The term drunk boating refers to operating a vessel or ship under the influence of drugs or alcohol, in excess of any limits set by state law or to the degree that the operator of the ship or vessel cannot safely operate and navigate the ship or vessel. Drunk boating is a leading cause of maritime fatalities, especially in the case of recreational boating accidents in the United States. In 2007, drunk boating caused 391 known recreational boating accidents, 145 known deaths and 341 known injuries in the United States. The federal government requires that each qualifying maritime employer must have a plan in place to test and screen prospective and existing employees for drug and alcohol use. The employers must maintain records for a period of one to five years and must be reported to the US Coast Guard as required by law. Prospective employees must be screened prior to beginning work in a safety sensitive position and the results of such screening must be kept for the duration of that employee's tenure with the maritime employer.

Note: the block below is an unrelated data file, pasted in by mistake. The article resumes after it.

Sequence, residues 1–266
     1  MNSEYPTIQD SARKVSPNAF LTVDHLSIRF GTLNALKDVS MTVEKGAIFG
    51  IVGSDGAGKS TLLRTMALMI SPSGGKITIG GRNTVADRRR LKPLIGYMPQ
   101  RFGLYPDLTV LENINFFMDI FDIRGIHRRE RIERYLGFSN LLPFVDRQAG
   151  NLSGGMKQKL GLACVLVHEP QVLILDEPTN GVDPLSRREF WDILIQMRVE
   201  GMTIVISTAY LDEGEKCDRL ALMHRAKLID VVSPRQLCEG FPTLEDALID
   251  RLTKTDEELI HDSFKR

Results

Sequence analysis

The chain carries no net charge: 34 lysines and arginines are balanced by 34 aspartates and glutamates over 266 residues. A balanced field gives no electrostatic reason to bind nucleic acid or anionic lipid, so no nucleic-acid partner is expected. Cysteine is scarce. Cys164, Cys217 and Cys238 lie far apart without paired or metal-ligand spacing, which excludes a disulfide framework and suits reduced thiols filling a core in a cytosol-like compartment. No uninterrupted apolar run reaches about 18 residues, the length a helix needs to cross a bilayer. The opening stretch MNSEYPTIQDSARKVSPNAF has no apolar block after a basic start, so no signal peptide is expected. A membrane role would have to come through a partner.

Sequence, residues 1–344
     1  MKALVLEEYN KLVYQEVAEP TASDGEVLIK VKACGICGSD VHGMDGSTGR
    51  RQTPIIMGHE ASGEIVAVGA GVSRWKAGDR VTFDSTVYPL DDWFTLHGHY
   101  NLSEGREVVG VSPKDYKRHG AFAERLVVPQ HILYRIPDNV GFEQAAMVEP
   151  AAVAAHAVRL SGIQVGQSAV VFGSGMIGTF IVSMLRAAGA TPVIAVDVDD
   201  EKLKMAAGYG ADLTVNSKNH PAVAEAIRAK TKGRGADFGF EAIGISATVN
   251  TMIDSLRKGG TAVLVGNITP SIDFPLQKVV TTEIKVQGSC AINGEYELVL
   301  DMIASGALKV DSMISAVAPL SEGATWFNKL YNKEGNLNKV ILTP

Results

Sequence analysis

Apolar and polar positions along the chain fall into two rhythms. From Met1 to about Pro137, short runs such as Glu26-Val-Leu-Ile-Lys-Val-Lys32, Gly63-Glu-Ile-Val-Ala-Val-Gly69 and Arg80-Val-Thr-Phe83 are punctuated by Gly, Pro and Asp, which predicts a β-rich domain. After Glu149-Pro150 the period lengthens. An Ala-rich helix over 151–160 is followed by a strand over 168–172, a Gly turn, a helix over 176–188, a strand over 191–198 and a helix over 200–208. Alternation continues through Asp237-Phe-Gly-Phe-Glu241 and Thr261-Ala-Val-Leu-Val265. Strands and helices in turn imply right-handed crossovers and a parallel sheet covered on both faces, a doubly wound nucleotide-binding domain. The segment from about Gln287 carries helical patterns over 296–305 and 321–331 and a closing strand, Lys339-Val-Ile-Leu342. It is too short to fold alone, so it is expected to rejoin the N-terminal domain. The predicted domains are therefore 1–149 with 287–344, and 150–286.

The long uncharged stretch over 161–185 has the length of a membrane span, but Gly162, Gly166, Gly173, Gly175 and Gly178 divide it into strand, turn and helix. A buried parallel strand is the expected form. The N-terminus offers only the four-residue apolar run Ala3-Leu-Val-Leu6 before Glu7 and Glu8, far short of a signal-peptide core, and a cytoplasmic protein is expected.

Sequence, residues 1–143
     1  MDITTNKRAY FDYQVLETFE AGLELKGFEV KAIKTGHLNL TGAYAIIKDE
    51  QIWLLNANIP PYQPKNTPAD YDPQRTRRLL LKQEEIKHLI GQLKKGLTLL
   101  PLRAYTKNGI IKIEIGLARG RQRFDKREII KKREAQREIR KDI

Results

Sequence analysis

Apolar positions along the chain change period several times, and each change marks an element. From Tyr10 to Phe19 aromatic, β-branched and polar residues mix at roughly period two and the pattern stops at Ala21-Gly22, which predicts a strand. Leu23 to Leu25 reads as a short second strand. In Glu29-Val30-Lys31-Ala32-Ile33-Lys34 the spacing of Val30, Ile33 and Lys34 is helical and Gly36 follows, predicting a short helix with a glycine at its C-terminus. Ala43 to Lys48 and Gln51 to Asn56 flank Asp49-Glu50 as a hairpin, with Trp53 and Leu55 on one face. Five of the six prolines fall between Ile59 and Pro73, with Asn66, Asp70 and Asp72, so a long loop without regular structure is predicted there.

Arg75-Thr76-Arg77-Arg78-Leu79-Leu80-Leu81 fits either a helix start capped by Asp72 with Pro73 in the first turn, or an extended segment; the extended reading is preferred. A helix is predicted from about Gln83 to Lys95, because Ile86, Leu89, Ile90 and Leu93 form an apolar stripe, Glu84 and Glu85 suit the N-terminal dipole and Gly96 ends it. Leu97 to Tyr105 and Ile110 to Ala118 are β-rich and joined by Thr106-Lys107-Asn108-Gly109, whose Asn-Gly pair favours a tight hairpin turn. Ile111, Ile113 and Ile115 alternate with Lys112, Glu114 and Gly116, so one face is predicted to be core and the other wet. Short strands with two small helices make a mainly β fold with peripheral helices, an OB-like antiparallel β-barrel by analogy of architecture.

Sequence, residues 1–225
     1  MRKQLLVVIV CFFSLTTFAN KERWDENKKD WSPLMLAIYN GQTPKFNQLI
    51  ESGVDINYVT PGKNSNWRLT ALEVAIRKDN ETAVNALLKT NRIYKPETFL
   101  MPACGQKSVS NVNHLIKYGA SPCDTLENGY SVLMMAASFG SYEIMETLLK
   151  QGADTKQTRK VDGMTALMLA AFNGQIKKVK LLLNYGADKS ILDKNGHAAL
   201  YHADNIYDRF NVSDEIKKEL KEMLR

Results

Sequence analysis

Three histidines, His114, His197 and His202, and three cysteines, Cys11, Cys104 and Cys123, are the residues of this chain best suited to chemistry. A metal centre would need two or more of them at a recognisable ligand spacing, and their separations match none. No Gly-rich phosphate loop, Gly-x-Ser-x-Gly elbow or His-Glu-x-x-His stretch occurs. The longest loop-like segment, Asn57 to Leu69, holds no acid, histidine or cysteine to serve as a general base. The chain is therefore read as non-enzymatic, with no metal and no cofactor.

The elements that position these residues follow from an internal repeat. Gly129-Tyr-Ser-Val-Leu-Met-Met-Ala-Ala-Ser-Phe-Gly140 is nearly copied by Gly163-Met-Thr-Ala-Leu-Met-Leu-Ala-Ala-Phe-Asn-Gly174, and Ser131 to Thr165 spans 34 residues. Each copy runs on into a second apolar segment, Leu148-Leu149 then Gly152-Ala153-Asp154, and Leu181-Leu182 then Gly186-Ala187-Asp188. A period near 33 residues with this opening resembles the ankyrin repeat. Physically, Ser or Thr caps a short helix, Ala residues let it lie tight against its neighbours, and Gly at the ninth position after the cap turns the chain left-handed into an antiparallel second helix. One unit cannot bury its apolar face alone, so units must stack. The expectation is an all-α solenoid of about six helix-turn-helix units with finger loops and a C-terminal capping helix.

Additionally, each year, the maritime employer is required to conduct random testing according to a statistically based method of at least 50% of its employees who are required to be tested. Testing is also required in every case where there is reasonable cause to believe that an employee is operating under the influence of drugs or alcohol while on duty or in the event of a serious maritime accident. Maritime employers are required to keep a drug and alcohol testing equipment on board each vessel.